North-south interconnector ruling 'could be down to civil servants'
KEEPING the lights on in homes and businesses the north next winter could now be down to civil servants in the Department for Infrastructure.
For in the absence of a functioning Executive, they've been tasked to rule on approving a second north-south interconnector to ensure future security of energy supply.
It come after the Planning Appeals Commission forwarded its recommendation on the interconnector to the Department following a public inquiry earlier this year.
In line with common practice, the PAC has not disclosed the content of its report issued to the Department.
But given that the interconnector remains an urgent requirement to ensure the north has enough electricity to meet demand in the coming years, it is widely believed it will be recommended for approval.
The System Operator for Northern Ireland (SONI), members of the Business Alliance (made up of the NI Chamber of Commerce, IoD, CBI, Retail NI and Federation of Small Businesses) and politicians have all heralded the move as a "positive development" which advances the delivery of a key piece of infrastructure.
The frenzy of opinion followed a three-sentence statement released by the PAC which read: "The public inquiry into the proposed Tyrone/Cavan electricity interconnector concluded on February 27. The Commissioners have forwarded their report and recommendation to the Department for Infrastructure. Release of the report is a matter for the Department."
SONI's general manager Robin McCormick said: “This is a positive step towards a decision on the planning application for the north-south interconnector.
"It remains an urgent requirement to ensure we have enough electricity to meet demand in the coming years, and is also needed to reduce electricity costs to domestic and commercial consumers throughout the island.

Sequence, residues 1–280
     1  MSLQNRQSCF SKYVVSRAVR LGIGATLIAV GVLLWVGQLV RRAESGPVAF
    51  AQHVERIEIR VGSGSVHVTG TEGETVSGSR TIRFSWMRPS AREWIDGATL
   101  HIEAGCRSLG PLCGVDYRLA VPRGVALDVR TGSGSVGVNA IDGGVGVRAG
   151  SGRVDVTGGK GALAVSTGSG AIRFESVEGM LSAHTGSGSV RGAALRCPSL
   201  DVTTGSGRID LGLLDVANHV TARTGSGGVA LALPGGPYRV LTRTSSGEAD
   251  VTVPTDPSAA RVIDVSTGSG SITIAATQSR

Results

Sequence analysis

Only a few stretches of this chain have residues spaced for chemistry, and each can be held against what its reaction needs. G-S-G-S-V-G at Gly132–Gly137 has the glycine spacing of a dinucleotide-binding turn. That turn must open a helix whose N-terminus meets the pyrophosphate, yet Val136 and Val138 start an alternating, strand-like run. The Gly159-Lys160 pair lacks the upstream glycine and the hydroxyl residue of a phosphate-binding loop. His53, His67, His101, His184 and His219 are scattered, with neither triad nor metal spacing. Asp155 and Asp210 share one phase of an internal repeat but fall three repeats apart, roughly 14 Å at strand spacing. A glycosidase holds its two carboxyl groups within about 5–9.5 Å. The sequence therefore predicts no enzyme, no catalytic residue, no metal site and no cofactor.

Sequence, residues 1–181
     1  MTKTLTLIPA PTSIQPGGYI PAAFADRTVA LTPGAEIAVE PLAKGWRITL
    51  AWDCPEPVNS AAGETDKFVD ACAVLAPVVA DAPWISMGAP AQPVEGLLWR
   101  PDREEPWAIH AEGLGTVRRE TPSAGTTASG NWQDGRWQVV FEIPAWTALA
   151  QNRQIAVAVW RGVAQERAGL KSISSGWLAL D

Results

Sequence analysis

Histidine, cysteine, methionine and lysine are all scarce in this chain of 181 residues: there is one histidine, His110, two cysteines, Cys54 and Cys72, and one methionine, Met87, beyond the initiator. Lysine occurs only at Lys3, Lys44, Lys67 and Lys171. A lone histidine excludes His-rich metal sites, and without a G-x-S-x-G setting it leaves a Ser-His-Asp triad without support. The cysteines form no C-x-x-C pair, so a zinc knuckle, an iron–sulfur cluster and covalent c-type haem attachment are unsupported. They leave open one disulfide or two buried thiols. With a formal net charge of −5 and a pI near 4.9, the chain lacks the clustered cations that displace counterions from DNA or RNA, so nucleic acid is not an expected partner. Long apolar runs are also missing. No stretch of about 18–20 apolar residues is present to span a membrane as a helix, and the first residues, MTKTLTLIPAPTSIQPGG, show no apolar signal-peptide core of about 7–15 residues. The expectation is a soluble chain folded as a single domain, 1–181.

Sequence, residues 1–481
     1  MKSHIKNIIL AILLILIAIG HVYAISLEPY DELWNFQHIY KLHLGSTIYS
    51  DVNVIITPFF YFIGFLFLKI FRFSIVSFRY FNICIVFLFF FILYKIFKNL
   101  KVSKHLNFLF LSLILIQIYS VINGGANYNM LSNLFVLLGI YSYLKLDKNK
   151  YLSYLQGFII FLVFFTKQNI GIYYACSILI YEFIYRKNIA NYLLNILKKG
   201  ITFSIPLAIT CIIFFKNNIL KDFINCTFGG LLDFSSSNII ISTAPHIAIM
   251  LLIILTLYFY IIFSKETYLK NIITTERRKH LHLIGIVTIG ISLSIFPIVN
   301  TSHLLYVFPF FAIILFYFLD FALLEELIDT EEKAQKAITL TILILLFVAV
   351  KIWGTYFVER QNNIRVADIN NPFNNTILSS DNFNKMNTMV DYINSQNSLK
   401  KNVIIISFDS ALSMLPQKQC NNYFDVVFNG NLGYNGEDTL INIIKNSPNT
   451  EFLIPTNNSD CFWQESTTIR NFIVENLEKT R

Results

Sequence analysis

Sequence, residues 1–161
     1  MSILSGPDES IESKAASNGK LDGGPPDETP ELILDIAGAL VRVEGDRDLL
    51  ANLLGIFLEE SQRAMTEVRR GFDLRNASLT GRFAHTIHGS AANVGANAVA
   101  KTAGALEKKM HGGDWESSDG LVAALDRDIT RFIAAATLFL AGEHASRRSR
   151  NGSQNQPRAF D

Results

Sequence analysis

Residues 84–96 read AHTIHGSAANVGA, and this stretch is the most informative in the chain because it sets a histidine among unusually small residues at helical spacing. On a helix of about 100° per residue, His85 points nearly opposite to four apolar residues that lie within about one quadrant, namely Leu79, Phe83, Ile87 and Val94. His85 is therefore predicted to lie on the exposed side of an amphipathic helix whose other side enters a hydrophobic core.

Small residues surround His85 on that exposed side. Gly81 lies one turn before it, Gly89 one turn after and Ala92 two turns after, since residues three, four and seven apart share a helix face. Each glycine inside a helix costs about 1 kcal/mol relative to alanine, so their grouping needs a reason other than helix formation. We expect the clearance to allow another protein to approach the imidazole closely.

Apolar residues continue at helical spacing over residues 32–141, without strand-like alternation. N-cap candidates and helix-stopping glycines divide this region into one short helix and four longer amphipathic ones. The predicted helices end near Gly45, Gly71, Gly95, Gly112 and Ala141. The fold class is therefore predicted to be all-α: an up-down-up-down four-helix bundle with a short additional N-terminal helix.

“The PAC has been very professional in its approach to the proposal, and we now look forward to the Department for Infrastructure announcing a decision as soon as possible.”
That is seen as putting pressure on civil servants within that department, given that it could be many months before a minister is in place (before the current political crisis, Sinn Fein's Chris Hazzard was at the helm).
All the groups within the Business Alliance have responded positively to the PAC move.
Retail NI's Glyn Robert insisted: “A decision should not be kicked into the long grass in the absence of devolution and, given the wide consensus across the business community, the Department’s permanent secretary should make the call.”
Angela McGowan at the CBI said sectors ranging from manufacturing and hospitality, through to education and health, will all feel the benefits of this critical piece of infrastructure while Christopher Morrow at the NI Chamber insisted: “We will continue to voice our support until a decision is made – hopefully no later than the end of this year.”
The FSB's Wilfred Mitchell said: “The interconnector will create downward pressure on energy costs and relieve the cost burden on small businesses, and we encourage civil servants to move ahead with the project as soon as possible to provide certainty for consumers."